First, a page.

NPR has removed a story from its website, and requested that member stations do the same, after learning portions of the text were plagiarized by an intern, according to the Poynter Institute.
In a note to stations, Margaret Low Smith, NPR’s senior v.p. for news, said the intern, Ahmad Shafi, arrived in D.C. after working for NPR as a producer and fixer in the network's Kabul, Afghanistan, bureau. After Shafi wrote a first-person account of witnessing an execution, published July 9, it came to NPR's attention that "portions of the piece were copied from a story by Jason Burke, published by the London Review of Books in March 2001," Smith wrote, adding that "we deeply regret" the incident.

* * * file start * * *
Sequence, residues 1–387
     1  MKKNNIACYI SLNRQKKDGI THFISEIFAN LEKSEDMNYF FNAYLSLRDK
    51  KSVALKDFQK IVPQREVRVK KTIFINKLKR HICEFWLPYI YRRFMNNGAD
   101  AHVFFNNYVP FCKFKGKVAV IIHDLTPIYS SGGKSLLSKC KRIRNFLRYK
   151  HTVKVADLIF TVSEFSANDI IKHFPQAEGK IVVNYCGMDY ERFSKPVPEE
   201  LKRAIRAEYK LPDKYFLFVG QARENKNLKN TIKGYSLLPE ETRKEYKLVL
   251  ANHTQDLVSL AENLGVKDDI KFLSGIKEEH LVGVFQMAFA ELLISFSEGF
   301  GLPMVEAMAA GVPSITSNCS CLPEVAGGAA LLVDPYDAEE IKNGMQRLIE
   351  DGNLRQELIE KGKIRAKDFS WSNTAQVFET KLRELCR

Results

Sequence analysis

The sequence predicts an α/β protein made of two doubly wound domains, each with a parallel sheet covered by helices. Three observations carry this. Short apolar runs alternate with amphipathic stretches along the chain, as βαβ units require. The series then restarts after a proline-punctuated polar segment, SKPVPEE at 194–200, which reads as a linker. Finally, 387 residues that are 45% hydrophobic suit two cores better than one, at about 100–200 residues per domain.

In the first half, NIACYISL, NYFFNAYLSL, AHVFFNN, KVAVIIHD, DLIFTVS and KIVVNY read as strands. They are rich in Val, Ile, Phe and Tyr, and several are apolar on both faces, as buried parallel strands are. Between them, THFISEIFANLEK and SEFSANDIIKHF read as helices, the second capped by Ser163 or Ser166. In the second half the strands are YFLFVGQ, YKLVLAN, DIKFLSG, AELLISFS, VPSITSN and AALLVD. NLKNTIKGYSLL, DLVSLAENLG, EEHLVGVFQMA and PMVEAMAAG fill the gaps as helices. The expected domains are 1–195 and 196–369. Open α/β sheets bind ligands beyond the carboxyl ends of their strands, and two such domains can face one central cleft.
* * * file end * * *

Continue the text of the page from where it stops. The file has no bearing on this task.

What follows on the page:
"What happened is fairly simple: an intern made a mistake," NPR spokesperson Anna Christopher told Poynter. "English is not Shafi’s first language; it’s one of five he speaks. In writing about this execution he witnessed in 1998, he went looking for a better way to describe what he remembered seeing. When asked about the similar passages by our editors, he was completely upfront and honest, and deeply contrite."
Christopher said that Shafi is still at NPR but not writing for broadcast or the Web while his other work is reviewed. Shafi's byline is on some 15 stories on NPR.org, dating to August 2011.